• mikecaulfield says:

      Derek —

      Some people may think distributed computing when thinking distributed, but sometimes distributed just means distributed. One manner of distribution is the use of a network, and I could certainly imagine some cMOOC inspired applications that look very network-like. Another form of distribution is just to split the tasks across several entities. Or you could imagine the common case we’re seeing where there’s a central MOOC and multiple classes plug into it. These are all ways of distributing the traditional activities of a class between multiple providers.

      I agree that there is a lot of overlap with the use of textbooks — that’s why I’ve been arguing that MOOCs are essentially courseware, or more precisely courseware + cohorts, an idea I’ve been looking into in other contexts for almost four years now. Although what we’re finding recently is that global cohort notion tends to not survive the flipped model (partially for the reasons you describe).

      What is likely to happen (in fact, what is already happening) is that the courseware + cohorts model (at least in the flipped case) is being replaced with a courseware + community model with a local cohort. This is fascinating, because, of course, courseware predates xMOOCs by quite a bit, but for various historical reasons MOOCs have unleashed fresh interest in this model.

      Michael Feldstein, who I think has one of the best track records in education industry analysis of anyone I know, took up this trend on Friday, saying:

      “Both MOOC producers and textbook vendors are beginning to converge on a product model of courseware that is more of a complete curriculum than a traditional textbook but less of a stand-alone, autopilot course than a current-generation xMOOC. ”

      (Which, not to toot my own horn, was the point of my January post “Both MOOCs and Textbooks Will End Up Courseware“. OK, to toot my own horn a little.)

      So where does this leave us? Absolutely, as you describe, the level of internal integration of these course artifacts is a major feature. And what we found when we looked at these things was that lack of pick-and-choose modularity had several beneficial effects (students could benchmark against a standard, faculty had less integration time, etc) and certain drawbacks (basically, synchronization was a bitch). This is largely because we are still in a massive cohort model instead of a local cohort model. As we move forward in the distributed flip, much more of the cohort features will be moved into the local cohort, and the MOOC will become more courseware-like. As will textbooks.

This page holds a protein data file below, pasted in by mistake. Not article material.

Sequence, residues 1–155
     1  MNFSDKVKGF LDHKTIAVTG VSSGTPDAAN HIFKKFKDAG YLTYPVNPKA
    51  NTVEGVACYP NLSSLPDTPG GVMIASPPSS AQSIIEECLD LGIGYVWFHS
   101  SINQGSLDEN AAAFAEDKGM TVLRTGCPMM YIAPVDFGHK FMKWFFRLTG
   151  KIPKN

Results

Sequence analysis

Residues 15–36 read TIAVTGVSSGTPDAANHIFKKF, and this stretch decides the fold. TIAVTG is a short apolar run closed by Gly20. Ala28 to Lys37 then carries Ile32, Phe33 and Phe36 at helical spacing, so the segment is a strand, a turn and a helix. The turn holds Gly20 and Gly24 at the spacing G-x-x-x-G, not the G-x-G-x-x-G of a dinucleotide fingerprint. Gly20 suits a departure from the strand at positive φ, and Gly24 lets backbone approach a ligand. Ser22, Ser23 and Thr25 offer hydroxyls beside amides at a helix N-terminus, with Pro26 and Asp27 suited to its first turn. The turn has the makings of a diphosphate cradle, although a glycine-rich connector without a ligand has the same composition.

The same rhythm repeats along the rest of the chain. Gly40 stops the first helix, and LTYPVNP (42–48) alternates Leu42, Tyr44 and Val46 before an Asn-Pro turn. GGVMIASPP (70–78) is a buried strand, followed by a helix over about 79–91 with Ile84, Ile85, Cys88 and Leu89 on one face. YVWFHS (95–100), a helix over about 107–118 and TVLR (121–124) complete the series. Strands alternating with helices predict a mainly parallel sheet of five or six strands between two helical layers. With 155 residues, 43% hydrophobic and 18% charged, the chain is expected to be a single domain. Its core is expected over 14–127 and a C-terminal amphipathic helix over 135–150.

The reason why I think distributed flip works, again, is because this is the element we are tweaking — how control of the class gets distributed. The integration that you note is crucial, but the level of integration is I think a result of the distribution discussion (i.e. what gets done in a global context vs. a local context vs. some as-yet-to-be-determined context). So I think I largely agree with you on trends, but see different drivers of those trends — for me “distributed flip” captures those drivers.

      • derekbruff says:

        Mike, this tweet of yours yesterday (“one course, distributed sections”) really clarified things for me. If you have a single MOOC and multiple faculty around the country (or world) building courses around that MOOC, then you have something that’s been distributed. Cathy Davidson has called this “franchising” a MOOC, which is a problematic metaphor, but gets at the structure of such a system fairly well.

        The choice of point of view is important here, I think. If I’m a MOOC creator, and faculty all around are using my MOOC to flip their classrooms, then, yes, I’ve distributed my content across a network of faculty and courses. If I’m a faculty member flipping my class using someone else’s MOOC, I haven’t distributed anything–I’m getting all my outsourced material from one source. That’s why I can’t see “distributed flip” as a substitute for “wrapping one’s course around a MOOC.” The wrapping metaphor is about local course design, not about a network.

        I’m going to insist that you can’t “distribute” something without a network, one consisting of more than two nodes. If I make a mixed tape and I give it to you, nothing’s been distributed. If I make copies for all my friends, then I’ve distributed something. In “wrapping a MOOC,” there are two nodes in the network: the local instructor and the MOOC instructor. There’s no distribution involved. But from the point of view of the MOOC creator, if there are multiple other faculty using the MOOC, then we have distribution.

        I’m still not sure if “distributed flip” works, however. The term “flipped classroom” is like “wrapping a MOOC” in that its point of view is the individual instructor. We need a term that describes this network of instructors all using (and having their students participate in) the same MOOC. It’s an idea that has a lot of potential–it needs a name that describes it well! I’ll keep thinking.